The final action carried out by some spindle fibers is that of anchoring to the cell surface. On the inside surface of the cell membrane, specialized proteins are placed to anchor the microtubules. While these anchors cannot assemble dimers into the microtubule, they can bind onto it. Then, when the MTOC starts removing microtubule dimers, the whole spindle fiber shortens. In this way it pulls the cell membrane toward the MTOC, and starts to define the area of the newly forming cell.

Quiz

1. Which of the following is NOT caused by the actions of spindle fibers?
A. The movement of chromosomes
B. The change in shape of the cell
C. The structure of the cell when not dividing

Answer to Question #1
C is correct. Spindle fibers form during cell division and are disassembled afterwards. While there are many different kinds of microtubules, they only act as spindle fibers during cell division. After cell division, the function of structure is carried out by more interspersed microtubules and other small structures. By using a completely different set of proteins, cell division and the organization of spindle fibers which is required can be completely regulated.

2. Microtubules form in a peculiar fashion. While the entire structure is just repeated units of the small tubulin dimer, the structure has polarity to it. That is, each side of the microtubule is different. On one side the beta-tubulin is more exposed, while on the other side the alpha-tubulin is more exposed. How must the proteins in the MTOC and the proteins on chromosomes be different in order to work?
A. They must be the same
B. They must be able to add dimers from opposite sides
C. They are completely different processes, therefore they are completely different proteins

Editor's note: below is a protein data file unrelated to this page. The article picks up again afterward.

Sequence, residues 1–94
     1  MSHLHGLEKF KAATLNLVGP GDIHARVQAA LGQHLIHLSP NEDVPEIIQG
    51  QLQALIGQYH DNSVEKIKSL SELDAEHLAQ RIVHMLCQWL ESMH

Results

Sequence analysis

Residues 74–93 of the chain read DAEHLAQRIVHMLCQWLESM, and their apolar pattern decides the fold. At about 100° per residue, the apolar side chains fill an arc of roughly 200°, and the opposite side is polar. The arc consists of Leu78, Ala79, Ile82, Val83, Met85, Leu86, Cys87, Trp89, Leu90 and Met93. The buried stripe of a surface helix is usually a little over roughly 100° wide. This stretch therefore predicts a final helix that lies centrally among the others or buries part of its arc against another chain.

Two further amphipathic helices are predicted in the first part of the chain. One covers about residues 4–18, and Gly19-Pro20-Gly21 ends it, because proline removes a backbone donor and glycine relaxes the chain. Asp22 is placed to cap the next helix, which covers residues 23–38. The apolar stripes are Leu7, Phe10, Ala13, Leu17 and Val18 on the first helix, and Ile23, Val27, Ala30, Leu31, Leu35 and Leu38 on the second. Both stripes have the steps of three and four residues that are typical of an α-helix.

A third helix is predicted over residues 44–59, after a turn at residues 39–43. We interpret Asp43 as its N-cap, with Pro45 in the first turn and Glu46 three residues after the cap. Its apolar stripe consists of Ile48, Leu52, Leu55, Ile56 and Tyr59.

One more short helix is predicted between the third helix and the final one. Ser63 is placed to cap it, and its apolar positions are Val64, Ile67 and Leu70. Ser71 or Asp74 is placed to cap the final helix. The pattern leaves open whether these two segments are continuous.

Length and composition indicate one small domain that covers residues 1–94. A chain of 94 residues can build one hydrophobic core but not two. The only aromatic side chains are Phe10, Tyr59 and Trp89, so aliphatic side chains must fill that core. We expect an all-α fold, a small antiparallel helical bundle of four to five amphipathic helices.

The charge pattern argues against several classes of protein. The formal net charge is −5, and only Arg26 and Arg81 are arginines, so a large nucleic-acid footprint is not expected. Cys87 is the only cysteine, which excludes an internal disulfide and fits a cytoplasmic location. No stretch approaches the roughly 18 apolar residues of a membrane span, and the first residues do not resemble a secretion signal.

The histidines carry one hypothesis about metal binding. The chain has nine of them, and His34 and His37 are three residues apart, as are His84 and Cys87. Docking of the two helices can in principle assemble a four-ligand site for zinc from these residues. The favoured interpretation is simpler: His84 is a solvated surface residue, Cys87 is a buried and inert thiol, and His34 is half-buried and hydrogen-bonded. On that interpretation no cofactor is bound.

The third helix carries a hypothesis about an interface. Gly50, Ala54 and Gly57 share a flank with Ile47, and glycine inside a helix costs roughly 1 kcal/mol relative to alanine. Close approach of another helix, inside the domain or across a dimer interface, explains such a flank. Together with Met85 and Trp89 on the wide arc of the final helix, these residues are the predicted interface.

Answer to Question #2
B is correct. The different sides of the microtubule (often referred to as + and –), have slightly different shapes which are just the opposite of each other. On one side, the protein must add or remove dimers with the alpha-tubulin facing in, while the others must do it with the beta-tubulin facing in. These two dimers are almost identical, so the change is small. But, it is still present and affects the way the cell’s machinery works.

3. Often, when products of an organelle are exported, they are contained within vesicles. These small compartments of cell membrane are then attached to a microtubule via a small motor protein. The protein works its way down the microtubule, like in the sliding example above. It carries the vesicle to another organelle or the cell surface. Here it can be expelled or absorbed. Are these microtubules considered spindle fibers?
A. No
B. Yes
C. Maybe

Answer to Question #3
A is correct. These are definitely not spindle fibers. Remember that spindle fibers are formed only during cell division and that their main purpose is dividing the genetic components of the cell. These are microtubules, but there are many uses for microtubules within the cell.

References

  • Lodish, H., Berk, A., Kaiser, C. A., Krieger, M., Scott, M. P., Bretscher, A., . . . Matsudaira, P. (2008). Molecular Cell Biology (6th ed.). New York: W.H. Freeman and Company.
  • McMahon, M. J., Kofranek, A. M., & Rubatzky, V. E. (2011). Plant Science: Growth, Development, and Utilization of Cultivated Plants (5th ed.). Boston: Prentince Hall.
  • Nelson, D. L., & Cox, M. M. (2008). Principles of Biochemistry. New York: W.H. Freeman and Company.